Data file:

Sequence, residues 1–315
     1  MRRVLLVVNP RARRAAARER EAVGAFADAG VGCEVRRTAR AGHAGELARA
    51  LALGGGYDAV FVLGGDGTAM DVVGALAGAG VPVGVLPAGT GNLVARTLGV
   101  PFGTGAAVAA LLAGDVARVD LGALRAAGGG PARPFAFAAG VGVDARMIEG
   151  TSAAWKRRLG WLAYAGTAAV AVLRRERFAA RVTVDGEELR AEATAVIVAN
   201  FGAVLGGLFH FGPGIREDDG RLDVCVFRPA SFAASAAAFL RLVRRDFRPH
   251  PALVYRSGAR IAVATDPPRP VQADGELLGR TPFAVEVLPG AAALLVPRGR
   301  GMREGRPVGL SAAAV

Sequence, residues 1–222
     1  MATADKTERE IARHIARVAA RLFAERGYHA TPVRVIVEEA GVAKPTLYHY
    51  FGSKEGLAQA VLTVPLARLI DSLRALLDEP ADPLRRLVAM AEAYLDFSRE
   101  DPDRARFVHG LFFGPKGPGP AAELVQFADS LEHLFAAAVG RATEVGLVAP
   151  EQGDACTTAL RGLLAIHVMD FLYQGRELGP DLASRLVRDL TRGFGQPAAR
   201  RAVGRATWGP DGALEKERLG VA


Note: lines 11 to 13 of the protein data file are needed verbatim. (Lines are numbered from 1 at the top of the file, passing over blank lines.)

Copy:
    51  FGSKEGLAQA VLTVPLARLI DSLRALLDEP ADPLRRLVAM AEAYLDFSRE
   101  DPDRARFVHG LFFGPKGPGP AAELVQFADS LEHLFAAAVG RATEVGLVAP
   151  EQGDACTTAL RGLLAIHVMD FLYQGRELGP DLASRLVRDL TRGFGQPAAR